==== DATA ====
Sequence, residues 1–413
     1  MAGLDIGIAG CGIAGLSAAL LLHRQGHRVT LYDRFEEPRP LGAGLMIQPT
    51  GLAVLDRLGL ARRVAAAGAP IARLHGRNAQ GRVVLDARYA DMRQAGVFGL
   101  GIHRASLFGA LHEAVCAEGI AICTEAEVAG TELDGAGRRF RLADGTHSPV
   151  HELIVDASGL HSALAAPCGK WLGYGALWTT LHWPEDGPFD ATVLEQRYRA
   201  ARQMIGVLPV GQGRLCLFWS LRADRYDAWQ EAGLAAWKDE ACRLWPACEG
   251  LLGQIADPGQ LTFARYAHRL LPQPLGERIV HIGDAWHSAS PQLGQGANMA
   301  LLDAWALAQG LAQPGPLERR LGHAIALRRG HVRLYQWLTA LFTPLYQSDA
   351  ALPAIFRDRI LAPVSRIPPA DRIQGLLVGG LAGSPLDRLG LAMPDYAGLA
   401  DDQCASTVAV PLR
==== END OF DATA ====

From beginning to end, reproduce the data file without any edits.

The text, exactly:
Sequence, residues 1–413
     1  MAGLDIGIAG CGIAGLSAAL LLHRQGHRVT LYDRFEEPRP LGAGLMIQPT
    51  GLAVLDRLGL ARRVAAAGAP IARLHGRNAQ GRVVLDARYA DMRQAGVFGL
   101  GIHRASLFGA LHEAVCAEGI AICTEAEVAG TELDGAGRRF RLADGTHSPV
   151  HELIVDASGL HSALAAPCGK WLGYGALWTT LHWPEDGPFD ATVLEQRYRA
   201  ARQMIGVLPV GQGRLCLFWS LRADRYDAWQ EAGLAAWKDE ACRLWPACEG
   251  LLGQIADPGQ LTFARYAHRL LPQPLGERIV HIGDAWHSAS PQLGQGANMA
   301  LLDAWALAQG LAQPGPLERR LGHAIALRRG HVRLYQWLTA LFTPLYQSDA
   351  ALPAIFRDRI LAPVSRIPPA DRIQGLLVGG LAGSPLDRLG LAMPDYAGLA
   401  DDQCASTVAV PLR